Although a synagogue structure is not necessary for Jewish prayer, the building of a synagogue represents the creation of a center for both worship and community. In a synagogue, Jews join together not only to pray, but to study, socialize, educate their children, and to care for the needs of their own members as well as the larger community. There were once thirteen synagogues in Hartford, CT. There are no longer any active congregations remaining in the city, although a number of the buildings are still in existence. Some are abandoned and have fallen into disrepair, and others have been repurposed, often as churches. This web exhibit utilizes the archive of the Jewish Historical Society of Greater Hartford to offer images and information on the synagogues that once existed in Hartford.
Congregation Chevry Lomday Mishnayes was founded in 1918 by a group of Eastern European and Russian immigrants under the name of "Chevre Mishnayos of Hartford" (roughly translated as Fellowship of the Mishnah). For the first seven years the congregation had no permanent home. In 1925, the congregants built their first shul at 150 Bedford Street. In 1934, the synagogue re-incorporated under the name "Congregation Chevry Lomday Mishnayes" (roughly translated as Fellow Students of the Mishnah). In response to the mass movement of the Jewish population to the northwest part of Hartford and to West Hartford, Chevry Lomday Mishnayes purchased the former Young Israel shul at 191 Westbourne Parkway in 1964. By 1983, attendance declined and the congregation merged with Teferes Israel.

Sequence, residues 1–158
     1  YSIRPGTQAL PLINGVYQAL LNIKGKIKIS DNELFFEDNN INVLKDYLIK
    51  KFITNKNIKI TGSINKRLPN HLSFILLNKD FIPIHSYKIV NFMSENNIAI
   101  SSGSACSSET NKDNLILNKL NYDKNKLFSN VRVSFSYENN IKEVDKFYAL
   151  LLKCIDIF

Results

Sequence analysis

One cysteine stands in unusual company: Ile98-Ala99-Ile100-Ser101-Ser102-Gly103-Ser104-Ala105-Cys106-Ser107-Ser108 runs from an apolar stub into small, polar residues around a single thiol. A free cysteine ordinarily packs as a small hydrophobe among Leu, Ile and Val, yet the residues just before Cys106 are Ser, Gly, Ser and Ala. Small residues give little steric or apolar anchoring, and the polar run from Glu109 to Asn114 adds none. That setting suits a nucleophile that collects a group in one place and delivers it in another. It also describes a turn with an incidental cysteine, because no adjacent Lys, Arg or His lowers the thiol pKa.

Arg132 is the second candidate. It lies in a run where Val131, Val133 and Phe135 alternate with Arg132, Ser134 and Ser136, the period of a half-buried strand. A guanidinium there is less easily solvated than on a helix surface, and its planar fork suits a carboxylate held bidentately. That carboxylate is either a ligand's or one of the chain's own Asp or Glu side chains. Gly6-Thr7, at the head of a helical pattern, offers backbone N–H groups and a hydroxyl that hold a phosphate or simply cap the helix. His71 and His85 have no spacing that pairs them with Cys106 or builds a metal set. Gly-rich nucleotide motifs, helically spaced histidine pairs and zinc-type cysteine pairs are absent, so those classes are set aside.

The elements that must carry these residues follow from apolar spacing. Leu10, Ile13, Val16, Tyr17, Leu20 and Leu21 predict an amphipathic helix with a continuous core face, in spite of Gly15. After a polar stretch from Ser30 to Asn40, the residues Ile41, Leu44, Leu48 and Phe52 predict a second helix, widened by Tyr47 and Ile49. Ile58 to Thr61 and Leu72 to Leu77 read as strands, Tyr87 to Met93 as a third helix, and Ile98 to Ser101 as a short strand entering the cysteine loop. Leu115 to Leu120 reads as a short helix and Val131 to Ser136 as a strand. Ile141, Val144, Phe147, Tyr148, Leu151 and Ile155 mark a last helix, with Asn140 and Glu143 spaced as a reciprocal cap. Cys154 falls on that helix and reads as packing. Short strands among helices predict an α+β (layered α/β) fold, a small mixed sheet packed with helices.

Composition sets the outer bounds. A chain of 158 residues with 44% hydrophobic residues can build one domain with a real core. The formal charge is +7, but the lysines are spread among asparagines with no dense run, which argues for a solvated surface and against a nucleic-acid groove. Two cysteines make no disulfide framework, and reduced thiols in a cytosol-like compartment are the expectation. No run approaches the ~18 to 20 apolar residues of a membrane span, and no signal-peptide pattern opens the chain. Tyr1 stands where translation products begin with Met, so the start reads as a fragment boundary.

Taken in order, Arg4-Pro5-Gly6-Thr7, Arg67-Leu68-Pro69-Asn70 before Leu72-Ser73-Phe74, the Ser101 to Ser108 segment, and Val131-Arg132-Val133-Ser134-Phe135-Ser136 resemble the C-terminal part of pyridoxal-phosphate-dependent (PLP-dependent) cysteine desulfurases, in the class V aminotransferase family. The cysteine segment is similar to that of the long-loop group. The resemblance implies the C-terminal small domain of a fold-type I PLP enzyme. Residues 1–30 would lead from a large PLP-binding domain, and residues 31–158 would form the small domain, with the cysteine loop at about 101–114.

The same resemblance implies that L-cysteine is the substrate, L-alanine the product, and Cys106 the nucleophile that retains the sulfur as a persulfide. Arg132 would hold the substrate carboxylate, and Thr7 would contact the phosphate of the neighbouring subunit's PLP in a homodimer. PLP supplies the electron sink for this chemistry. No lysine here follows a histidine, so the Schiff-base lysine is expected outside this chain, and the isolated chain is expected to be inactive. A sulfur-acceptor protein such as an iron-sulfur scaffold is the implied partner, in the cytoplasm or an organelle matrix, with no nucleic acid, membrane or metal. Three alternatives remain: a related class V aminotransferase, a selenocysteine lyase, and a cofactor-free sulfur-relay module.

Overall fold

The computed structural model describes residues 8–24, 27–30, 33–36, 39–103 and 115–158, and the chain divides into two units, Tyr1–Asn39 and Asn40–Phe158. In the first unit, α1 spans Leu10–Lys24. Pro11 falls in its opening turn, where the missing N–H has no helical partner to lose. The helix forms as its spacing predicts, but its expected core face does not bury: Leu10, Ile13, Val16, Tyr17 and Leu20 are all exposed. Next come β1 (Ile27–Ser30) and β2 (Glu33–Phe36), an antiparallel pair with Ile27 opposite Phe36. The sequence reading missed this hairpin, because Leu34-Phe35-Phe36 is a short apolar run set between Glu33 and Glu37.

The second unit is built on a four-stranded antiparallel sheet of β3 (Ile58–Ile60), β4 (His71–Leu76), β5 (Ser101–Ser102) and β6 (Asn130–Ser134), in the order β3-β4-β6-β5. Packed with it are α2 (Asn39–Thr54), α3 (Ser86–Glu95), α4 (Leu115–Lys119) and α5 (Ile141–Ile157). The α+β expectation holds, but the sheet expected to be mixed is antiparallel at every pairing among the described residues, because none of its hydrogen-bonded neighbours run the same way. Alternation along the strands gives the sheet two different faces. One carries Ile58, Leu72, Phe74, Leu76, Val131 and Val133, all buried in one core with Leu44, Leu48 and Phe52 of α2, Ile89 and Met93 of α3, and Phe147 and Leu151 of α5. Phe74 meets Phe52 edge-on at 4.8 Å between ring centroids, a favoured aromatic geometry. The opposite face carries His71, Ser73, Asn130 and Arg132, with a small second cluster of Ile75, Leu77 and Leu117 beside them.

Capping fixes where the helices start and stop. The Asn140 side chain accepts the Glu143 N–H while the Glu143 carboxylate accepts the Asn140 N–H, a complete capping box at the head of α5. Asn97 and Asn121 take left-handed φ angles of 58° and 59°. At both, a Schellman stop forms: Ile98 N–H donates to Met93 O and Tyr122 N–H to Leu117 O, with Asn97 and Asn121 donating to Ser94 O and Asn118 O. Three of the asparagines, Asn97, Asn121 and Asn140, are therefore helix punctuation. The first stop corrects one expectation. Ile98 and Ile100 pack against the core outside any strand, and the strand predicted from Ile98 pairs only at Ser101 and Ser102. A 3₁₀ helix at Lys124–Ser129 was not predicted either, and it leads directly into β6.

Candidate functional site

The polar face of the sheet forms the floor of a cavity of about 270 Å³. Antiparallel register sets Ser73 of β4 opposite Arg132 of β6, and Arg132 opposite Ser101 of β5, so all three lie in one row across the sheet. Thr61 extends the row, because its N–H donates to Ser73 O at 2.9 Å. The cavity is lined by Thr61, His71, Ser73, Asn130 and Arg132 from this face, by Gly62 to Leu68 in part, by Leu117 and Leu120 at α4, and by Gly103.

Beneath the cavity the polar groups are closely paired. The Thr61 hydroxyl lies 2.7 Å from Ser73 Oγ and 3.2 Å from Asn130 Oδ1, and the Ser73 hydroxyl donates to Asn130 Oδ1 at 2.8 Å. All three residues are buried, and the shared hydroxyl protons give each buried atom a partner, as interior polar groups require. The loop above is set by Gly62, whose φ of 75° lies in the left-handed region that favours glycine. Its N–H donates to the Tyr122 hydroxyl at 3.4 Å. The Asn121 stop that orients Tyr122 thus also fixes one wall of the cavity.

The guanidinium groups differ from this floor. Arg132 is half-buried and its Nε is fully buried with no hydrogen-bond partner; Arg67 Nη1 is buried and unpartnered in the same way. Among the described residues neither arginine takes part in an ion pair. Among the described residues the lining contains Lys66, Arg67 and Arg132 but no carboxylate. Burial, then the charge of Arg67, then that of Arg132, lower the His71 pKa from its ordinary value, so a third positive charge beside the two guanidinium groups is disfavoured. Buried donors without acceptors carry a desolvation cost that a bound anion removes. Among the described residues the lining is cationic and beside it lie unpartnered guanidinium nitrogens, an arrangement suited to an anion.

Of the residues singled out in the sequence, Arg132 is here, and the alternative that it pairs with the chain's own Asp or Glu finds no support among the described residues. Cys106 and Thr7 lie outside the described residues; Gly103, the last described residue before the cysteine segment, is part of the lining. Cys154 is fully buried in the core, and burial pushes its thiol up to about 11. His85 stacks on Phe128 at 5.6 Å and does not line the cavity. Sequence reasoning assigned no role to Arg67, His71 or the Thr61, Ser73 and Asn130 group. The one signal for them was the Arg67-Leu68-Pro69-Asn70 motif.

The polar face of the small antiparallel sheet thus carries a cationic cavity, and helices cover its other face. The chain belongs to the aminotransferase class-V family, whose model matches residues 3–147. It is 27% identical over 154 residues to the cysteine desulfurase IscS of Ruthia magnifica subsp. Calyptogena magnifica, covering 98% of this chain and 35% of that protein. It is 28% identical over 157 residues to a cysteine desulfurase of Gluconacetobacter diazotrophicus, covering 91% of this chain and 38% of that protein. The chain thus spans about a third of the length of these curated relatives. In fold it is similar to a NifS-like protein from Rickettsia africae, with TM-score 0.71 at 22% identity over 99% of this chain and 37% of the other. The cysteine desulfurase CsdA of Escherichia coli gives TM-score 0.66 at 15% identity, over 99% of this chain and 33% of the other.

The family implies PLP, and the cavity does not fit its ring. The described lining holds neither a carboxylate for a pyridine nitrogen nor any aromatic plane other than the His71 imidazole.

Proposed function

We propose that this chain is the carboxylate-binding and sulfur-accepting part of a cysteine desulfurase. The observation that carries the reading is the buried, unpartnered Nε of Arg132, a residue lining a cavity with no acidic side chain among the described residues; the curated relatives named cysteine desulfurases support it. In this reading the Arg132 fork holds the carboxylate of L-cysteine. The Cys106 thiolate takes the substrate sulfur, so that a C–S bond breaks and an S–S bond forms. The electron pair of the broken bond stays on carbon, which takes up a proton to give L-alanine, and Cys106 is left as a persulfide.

The Chevry Lomday Mishnayes synagogue building is a good example of how synagogue architecture adjusts to the realities of circumstances, a demonstration of the tradition that prayer conducted in the building is what is important, rather than the building itself. Presumably, it was relatively inexpensive and straightforward for the congregation to erect the standard "Yellow Brick" shell that it did, for apartment houses of this character were going up by the dozens in Hartford in the 1920s. Harry H. Beckanstein is one of several architects who designed them, as did Berenson & Moses. But the absence of an architect's name on the building permit for this structure indicates that possibly a standard building was constructed without the services of an architect.